Gold price outlook improves as analysts weigh Fed policy mistake, hot inflation data
(Kitco News) The price outlook for gold is looking better going into the third week of the new year. Analysts are weighing the consequences of a potential monetary policy mistake as the Federal Reserve gets more hawkish amid the latest inflation data.
The threat of inflation is finally pushing gold higher as investors expect price pressures to continue climbing. February Comex gold futures were last trading at $1,816.90, up more than 1% on the week.
The two key datasets keeping markets in a risk-off mood are inflation and retail sales. In the U.S., inflation ran at the hottest pace since 1982 in December, rising 7% over the past 12 months. Meanwhile, retail sales were down the most in ten months, falling 1.9%.
The two big drivers for gold going forward will be the U.S. dollar and bond yields. The dollar has retreated, giving some breathing room to gold, while the bond yields have just paused their climb.
"Take a look at how high Treasury yields have run. The market is pricing in well over 90% chance that the Fed will raise rates in March. And gold is having its best week in a couple of months," OANDA senior market analyst Edward Moya told Kitco News. "Gold is not able to break beyond its recent highs, but things are looking pretty good."
Gold is watching where the U.S. dollar goes from here. The European recovery along with some new euro strength could play a critical role in determining the greenback's direction.
"There are a lot of conflicting outlooks for where the dollar is going to go. You should start to see better global economic recovery, which would drive a lot of European growth potential and could deliver a weaker dollar. The euro growth story got deferred from 2021 to 2022," Moya explained.
Also, the latest inflation readings push the Fed to act quickly as it appears to be behind the curve. "They are scrambling. We'll see as far as the balance sheet goes. This will dictate what happens with the back-end of the yield curve — one of the more important drivers for gold. And the back-end is struggling to steepen," Moya added.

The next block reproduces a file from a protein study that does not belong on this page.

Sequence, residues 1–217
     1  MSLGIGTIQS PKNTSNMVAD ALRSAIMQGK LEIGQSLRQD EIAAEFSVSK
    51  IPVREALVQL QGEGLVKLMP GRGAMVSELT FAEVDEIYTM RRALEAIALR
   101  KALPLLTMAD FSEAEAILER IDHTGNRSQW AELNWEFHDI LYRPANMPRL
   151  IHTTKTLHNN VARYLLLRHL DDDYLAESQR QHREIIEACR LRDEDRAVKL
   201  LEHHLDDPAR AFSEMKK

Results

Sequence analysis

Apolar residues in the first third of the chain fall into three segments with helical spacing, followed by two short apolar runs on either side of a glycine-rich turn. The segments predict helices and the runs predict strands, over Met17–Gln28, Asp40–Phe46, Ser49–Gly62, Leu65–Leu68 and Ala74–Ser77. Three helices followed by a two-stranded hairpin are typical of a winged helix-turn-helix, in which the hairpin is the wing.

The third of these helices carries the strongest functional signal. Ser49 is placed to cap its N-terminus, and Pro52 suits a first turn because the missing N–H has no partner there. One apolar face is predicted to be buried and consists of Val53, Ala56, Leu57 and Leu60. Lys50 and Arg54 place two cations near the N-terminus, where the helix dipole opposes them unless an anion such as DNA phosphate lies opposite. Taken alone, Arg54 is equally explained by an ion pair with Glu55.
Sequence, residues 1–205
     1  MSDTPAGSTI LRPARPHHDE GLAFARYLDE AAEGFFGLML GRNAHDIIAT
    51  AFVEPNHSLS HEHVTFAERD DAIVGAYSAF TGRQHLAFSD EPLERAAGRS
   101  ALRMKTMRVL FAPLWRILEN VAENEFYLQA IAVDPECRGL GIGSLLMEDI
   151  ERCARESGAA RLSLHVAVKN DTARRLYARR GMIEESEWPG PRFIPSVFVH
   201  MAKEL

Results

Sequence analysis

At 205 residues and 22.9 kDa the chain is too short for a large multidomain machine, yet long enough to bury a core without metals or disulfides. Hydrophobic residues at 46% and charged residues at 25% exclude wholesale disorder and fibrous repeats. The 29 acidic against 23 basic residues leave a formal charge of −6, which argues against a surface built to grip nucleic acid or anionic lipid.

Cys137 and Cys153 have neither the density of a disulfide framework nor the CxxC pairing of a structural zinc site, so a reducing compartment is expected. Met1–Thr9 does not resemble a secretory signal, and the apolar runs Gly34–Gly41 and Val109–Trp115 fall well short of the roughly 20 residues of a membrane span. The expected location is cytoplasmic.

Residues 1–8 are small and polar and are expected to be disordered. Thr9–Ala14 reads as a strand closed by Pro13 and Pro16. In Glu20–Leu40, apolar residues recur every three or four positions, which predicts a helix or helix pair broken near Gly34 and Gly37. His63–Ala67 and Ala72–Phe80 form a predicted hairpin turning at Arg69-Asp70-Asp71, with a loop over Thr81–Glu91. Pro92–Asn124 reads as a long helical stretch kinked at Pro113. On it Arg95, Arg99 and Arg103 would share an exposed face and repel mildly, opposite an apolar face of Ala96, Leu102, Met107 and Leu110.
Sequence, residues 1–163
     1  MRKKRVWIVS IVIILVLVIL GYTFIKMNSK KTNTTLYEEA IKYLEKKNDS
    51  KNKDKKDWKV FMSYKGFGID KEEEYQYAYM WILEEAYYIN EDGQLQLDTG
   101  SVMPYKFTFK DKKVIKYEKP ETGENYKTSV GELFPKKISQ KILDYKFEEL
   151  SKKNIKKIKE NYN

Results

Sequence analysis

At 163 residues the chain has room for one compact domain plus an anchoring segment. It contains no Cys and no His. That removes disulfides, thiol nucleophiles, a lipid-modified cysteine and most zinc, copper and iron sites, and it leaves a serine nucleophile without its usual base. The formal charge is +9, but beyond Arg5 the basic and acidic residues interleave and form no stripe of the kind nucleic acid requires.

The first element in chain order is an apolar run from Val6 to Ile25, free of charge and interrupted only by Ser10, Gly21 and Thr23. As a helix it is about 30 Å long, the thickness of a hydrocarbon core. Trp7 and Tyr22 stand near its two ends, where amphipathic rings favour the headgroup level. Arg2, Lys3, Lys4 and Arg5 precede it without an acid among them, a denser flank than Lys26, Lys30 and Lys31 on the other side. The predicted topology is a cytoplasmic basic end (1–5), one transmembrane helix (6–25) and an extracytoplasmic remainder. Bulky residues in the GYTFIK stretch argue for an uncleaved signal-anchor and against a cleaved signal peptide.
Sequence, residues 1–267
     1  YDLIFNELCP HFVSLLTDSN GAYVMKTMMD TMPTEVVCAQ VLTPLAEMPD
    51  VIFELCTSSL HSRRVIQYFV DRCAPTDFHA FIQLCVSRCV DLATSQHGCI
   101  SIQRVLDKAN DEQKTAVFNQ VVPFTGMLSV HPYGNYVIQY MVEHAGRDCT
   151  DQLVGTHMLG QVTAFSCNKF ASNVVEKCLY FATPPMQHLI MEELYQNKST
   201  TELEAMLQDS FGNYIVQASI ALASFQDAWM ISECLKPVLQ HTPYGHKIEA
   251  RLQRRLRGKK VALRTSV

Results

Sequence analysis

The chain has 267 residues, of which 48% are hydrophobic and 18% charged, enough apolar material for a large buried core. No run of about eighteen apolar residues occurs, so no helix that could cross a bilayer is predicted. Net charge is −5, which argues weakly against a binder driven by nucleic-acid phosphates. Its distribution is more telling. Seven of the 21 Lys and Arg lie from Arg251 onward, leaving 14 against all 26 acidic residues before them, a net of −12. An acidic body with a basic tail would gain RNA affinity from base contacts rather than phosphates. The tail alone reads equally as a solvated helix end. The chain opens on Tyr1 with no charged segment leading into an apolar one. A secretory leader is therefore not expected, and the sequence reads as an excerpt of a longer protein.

After a rate hike in March, the second increase could come in June, along with a balance sheet runoff. This is where analysts will start to worry about a potential policy mistake and its impact on the economy. "One of the things that no one has a strong handle on is the risks to the U.S. economy. The Fed policy could possibly invert the curve in the next year or two. All these risks are growing," Moya stated.
Last year, the Fed said to expect growth and very slow rate hikes. But instead, we are seeing 7% inflation and an aggressive tightening, Moya pointed out. "Chances of a policy mistake could be positive for gold. Longer-term, you'll see demand for bullion because of that," he noted.
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Equities are likely to help gold move higher next week, said RJO Futures Senior commodities broker Bob Haberkorn. This is an unusual relationship for gold and equities, but it has been the COVID trade. "Gold has a chance to break higher next week. Equities will be a bit stronger, and that will push gold back up through the $1,830 level. The COVID trade has been lower equities, lower gold," Haberkorn told Kitco News.
Gold has struggled around the $1,830 level because of competing narratives of accelerating inflation and rising yields, Haberkorn added. "Yields are going higher with inflation running hot. And gold parked itself in a range. Those two narratives are competing. Next week, depending on how yields look, we could get to anywhere between $1,830 and $1,850," he said. "If bond yields weren't doing what they are doing, gold would be $50-$70 higher."
Moya is watching the $1,833 an ounce level next week. "If we can break that and then hold $1,840 an ounce for a day, and we could see bullish momentum," he said.
Data to watch
It will be a short trading week due to markets being closed on Monday for Martin Luther King, Jr. Day.
Datasets to watch are N.Y. Empire State manufacturing index on Tuesday, building permits and housing starts on Wednesday, jobless claims, Philadelphia Fed manufacturing index, and existing homes sales on Thursday.